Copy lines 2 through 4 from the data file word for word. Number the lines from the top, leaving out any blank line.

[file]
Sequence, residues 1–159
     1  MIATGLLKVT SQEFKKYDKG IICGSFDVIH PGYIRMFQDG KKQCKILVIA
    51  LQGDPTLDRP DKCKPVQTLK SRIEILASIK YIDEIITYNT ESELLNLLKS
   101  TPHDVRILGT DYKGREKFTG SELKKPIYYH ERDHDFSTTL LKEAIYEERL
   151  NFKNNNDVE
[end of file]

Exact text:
     1  MIATGLLKVT SQEFKKYDKG IICGSFDVIH PGYIRMFQDG KKQCKILVIA
    51  LQGDPTLDRP DKCKPVQTLK SRIEILASIK YIDEIITYNT ESELLNLLKS
   101  TPHDVRILGT DYKGREKFTG SELKKPIYYH ERDHDFSTTL LKEAIYEERL